October 22, 2012
I AGREE THAT THIS MIGHT BE A BAD IDEA, BUT WHO DECIDES WHAT’S A “ROGUE” EXPERIMENT? ARE WE GOING TO START LICENSING SCIENTISTS? A Rogue Climate Experiment Outrages Scientists.
A California businessman chartered a fishing boat in July, loaded it with 100 tons of iron dust and cruised through Pacific waters off western Canada, spewing his cargo into the sea in an ecological experiment that has outraged scientists and government officials. . . .
The entrepreneur, Russ George, calling it a “state-of-the-art study,” said his team scattered iron dust several hundred miles west of the islands of Haida Gwaii, in northern British Columbia, in exchange for $2.5 million from a native Canadian group.
The iron spawned the growth of enormous amounts of plankton, which Mr. George, a former fisheries and forestry worker, said might allow the project to meet one of its goals: aiding the recovery of the local salmon fishery for the native Haida.
Plankton absorbs carbon dioxide, the predominant greenhouse gas, and settles deep in the ocean when it dies, sequestering carbon. The Haida had hoped that by burying carbon, they could also sell so-called carbon offset credits to companies and make money.
Iron fertilization is contentious because it is associated with geoengineering, a set of proposed strategies for counteracting global warming through the deliberate manipulation of the environment. Many experts have argued that scientists should be researching such geoengineering techniques — like spewing compounds into the atmosphere to reflect more sunlight or using sophisticated machines to remove carbon dioxide from the air.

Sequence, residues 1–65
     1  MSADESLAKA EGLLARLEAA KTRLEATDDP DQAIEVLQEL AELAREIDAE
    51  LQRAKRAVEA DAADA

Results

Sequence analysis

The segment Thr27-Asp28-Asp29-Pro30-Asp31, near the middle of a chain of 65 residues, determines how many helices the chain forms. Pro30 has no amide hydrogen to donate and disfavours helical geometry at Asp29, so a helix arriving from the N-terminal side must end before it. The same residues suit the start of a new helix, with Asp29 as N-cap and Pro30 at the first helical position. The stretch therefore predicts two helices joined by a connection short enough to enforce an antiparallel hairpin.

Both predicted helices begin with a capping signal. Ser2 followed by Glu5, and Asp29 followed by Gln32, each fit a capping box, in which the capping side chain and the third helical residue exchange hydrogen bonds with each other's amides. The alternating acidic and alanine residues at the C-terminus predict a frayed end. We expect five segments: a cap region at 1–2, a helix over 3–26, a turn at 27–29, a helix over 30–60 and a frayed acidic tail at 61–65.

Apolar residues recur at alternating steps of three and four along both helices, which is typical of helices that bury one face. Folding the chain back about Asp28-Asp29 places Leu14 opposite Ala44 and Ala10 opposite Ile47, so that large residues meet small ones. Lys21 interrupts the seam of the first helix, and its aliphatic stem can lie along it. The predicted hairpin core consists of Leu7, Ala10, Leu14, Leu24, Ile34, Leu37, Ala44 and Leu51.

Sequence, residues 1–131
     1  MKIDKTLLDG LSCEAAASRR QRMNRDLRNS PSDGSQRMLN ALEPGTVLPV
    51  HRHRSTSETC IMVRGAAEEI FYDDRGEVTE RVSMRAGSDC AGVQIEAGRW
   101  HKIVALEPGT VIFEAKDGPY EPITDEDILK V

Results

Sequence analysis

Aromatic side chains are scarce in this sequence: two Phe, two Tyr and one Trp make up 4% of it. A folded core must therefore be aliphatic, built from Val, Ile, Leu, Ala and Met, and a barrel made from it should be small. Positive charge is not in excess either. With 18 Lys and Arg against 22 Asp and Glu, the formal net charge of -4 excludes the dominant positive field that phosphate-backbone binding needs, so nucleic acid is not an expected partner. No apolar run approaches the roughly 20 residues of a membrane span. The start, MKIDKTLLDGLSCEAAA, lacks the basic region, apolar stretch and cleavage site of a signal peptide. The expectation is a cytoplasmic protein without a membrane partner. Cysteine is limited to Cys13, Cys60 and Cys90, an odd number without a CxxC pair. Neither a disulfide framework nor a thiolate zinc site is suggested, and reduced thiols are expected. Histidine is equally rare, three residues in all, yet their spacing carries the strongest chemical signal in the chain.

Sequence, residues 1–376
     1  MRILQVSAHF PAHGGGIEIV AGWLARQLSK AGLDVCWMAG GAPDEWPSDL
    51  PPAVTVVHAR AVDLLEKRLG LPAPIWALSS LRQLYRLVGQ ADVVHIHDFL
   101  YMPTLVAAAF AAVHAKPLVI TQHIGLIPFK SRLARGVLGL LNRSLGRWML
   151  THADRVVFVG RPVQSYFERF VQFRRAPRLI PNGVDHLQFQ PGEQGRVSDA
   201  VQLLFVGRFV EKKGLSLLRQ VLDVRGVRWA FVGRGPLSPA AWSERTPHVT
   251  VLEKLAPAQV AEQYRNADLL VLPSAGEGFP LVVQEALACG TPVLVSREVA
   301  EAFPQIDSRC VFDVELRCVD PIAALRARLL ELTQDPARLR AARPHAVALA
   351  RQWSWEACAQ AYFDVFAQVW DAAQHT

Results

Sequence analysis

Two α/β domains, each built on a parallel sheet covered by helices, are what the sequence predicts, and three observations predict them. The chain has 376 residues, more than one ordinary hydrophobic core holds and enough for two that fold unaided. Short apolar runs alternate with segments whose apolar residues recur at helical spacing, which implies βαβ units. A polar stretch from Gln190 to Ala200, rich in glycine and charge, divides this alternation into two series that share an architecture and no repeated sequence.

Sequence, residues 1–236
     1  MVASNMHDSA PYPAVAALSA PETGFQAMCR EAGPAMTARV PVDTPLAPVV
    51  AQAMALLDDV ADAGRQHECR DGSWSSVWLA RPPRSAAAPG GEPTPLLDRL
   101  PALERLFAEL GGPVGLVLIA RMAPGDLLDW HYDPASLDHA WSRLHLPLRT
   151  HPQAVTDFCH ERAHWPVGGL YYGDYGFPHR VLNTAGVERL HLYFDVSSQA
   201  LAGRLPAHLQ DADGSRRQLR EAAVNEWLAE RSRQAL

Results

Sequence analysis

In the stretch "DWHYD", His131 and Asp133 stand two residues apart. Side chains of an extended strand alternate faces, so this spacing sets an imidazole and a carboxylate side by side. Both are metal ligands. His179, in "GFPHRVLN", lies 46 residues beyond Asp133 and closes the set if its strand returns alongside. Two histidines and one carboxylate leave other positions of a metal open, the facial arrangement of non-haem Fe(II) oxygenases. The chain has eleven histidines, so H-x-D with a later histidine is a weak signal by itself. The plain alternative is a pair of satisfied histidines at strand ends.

But tampering with the environment is risky, they say, so any experiments must be carried out responsibly and transparently, with the involvement of the scientific community and proper governance.
I’m inclined to agree, but I’d be more inclined if climate scientists had demonstrated more professional responsiblity themselves.
Meanwhile, we’ve learned at least that iron fertilization does in fact stimulate plankton growth on a large scale, haven’t we?